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Stefen Chow: I am a Conversationalist


Adventurer and photographer, Stefen Chow (born in 1980 in Kuala Lumpur, Malaysia) started to be interested in photography when he was a climbing member of a team scaling Mount Everest in 2005. At first trained in Mechanical Engineering and then in Photography, this young emerging photographer - based now in Beijing - has already been awarded several prizes and collaborated with international companies. 
He has already created a large body of works composed of a variety of genres that he particularly likes to mingle together. His continuous curiosity and desire for knowledge allow him to create each time unique series of photographs. 
Recently, Stefen Chow was in Shanghai for a couple of days , he was a guest speaker at two TEDxShanghai events. While the first – entitled The Young, The Wise, The Undiscovered - was more a contest searching for the next year TED speakers, the second – entitled I am Chinese – brought together artists, thinkers, scientists and other persons from different background and coming from the worldwide Chinese Diaspora. 
On that occasion, he introduced during precisely 18 minutes – according to TED’s rules – his Poverty Line project in collaboration with the economist Lin Hui-yi. This ongoing project between data visualization and photography portrays food items from several countries that could be bought by a person living on the poverty line. 
Just before taking his plane back to Beijing on Monday May 21st, Stefen Chow warmly invited me to his hotel. A cup of coffee, a glass of fresh pressed watermelon, a lot of laughs, and an hour of impassioned discussion later all my questions have been answered and my curiosity satisfied.
Marine Cabos: You just gave two talks for TEDxShanghai, this is apparently the second time after the one in Beijing in 2009. What are your first impressions for this year session? 
Stefen Chow: TED is a fantastic platform. The main organizer for TEDxShanghai Richard Hsu did an amazing job with the calibre of speakers, diversity and the programme. It is an honour to be on the same stage. We made a lot of connections, lots of new friendships, and the audience was fantastic . How often can you say that you are speaking at a venue {the TEDxShanghai on May 20 was held at the Shanghai Concert Hall} which is so important historically and culturally.
MC: You notably talked about your Poverty Line project. How long do you intend to pursue it? 
SC: We first started this project in 2010 in China, and when we started we expected it to be a one off project. I think it was partly peoples’ initial reactions which pushed us to think how we could possibly expand the project. Someone then suggested expanding it to other countries. So we did a couple of countries more, and then you realize that the momentum was given.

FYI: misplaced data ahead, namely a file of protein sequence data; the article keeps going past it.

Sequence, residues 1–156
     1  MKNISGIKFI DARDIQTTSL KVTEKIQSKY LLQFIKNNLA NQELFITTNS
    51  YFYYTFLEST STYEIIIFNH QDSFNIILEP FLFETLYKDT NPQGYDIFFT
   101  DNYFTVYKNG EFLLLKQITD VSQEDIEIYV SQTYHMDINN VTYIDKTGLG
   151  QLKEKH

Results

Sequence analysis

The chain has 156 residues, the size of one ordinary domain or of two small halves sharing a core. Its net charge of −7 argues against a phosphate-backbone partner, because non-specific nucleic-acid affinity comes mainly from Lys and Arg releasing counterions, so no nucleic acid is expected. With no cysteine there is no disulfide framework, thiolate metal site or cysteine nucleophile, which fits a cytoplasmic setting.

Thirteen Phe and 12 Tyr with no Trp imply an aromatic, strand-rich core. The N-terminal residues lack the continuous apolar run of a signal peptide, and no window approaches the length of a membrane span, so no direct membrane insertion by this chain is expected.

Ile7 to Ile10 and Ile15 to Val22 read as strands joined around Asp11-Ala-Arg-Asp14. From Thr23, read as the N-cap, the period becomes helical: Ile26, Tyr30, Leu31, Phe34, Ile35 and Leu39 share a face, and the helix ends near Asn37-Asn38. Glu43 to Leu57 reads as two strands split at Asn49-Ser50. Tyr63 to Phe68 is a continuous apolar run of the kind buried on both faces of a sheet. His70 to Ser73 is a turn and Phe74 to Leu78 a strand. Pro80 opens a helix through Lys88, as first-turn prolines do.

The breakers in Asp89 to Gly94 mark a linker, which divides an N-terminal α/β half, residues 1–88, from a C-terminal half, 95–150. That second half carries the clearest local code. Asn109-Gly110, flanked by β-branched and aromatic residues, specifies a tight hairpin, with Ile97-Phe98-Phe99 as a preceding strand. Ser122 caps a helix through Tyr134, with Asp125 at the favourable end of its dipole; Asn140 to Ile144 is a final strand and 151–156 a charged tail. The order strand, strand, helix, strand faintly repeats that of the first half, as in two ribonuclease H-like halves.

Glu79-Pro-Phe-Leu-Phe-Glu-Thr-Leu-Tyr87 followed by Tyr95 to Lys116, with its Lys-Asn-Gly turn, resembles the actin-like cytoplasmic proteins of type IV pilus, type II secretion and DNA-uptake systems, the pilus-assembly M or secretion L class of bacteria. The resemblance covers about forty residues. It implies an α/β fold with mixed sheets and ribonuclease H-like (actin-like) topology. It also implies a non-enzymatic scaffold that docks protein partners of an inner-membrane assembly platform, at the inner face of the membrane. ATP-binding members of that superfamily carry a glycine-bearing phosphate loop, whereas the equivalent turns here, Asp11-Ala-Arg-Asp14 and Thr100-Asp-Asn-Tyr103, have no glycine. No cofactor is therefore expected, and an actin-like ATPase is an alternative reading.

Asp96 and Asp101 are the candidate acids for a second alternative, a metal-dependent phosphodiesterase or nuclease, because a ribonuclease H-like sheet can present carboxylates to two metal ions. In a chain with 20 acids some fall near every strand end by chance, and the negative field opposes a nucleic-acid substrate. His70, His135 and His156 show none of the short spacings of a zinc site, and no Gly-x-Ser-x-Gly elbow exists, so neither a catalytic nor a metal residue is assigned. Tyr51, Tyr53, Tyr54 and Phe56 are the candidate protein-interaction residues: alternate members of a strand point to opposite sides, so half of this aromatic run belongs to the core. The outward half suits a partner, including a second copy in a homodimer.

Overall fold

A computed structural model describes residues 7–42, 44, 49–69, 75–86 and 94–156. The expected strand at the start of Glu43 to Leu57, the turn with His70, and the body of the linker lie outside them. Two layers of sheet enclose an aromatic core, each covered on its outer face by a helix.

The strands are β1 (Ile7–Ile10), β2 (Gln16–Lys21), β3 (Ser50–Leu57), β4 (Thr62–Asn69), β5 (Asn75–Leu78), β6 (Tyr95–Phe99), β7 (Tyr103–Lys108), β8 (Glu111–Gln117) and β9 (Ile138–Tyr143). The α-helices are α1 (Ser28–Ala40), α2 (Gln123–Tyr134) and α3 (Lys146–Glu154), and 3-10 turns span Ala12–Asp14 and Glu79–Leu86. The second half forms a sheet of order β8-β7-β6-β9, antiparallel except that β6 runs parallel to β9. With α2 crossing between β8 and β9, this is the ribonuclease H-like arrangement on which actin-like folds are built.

We started doing more and the reactions that we received were even better. We actually became quite motivated. It was almost as if this body of work was takingoff on its own, we were just the workers to make sure to keep it going. 
I don’t think we need to put a deadline to it right now, simply because we also see the significance of doing the poverty line over time. As long as we get a consistency on the methodology in photography and calculations we expect to do this for quite a while. And as I said, it is something that motivates us personally and also because the project seems to have its own agenda.
MC: You exhibited this very project in Beijing during the Caochangdi PhotoSpring last April 2012 in an astonishing space almost in ruins. How did you find such a place? 
SC: When we first got into discussions, we rejected a few sites as we didn’t find them suitable. Eventually, Rong Rong {one of the directors of the Three Shadows Photography Art Center} thought about this abandoned space, which used to be a furniture factory, and it is situated next to the Three Shadows Gallery. He said then that we could still call it the Three Shadows Gallery but you had to punch a hole through the two walls {Stefen Chow and his team needed to knock down two walls so that people could enter this previously abandoned space}.
MC: I have read that you attended recently an artist residency in Arles, how was it? 
SC: It was amazing. I stayed there for a while. There was an open call for bodies of work from around the world, this contest is called the Open Photography Salon {} and is organized by Galerie Huit in Arles. The theme was called Transience. 
I sent my body of work {The Poverty Line} and it was awarded the Grand Prize, we were very happy. Then I found out the prize was a month residency in Arles, which was tremendous. So last October thru November I spent a month there, where I continued the Poverty Line project in France. I also did a side project of my series Communities.
MC: You said that before starting a series, like a sort of archaeologist, you unearth all the relevant information you can find, meet directly the people concerned, and so forth. Yet this does not mean your photographs lack of aesthetic qualities. In that sense, they seem in-between 'factual' and fine art photography. How would you qualify your photographs? 
SC: I first started this series in Beijing and I guess my motivation was I wanted to know my neighbours; it’s really an excuse. Sometimes I find that my photography comes from very simple motivations, it’s not something that has a great artistic line behind it.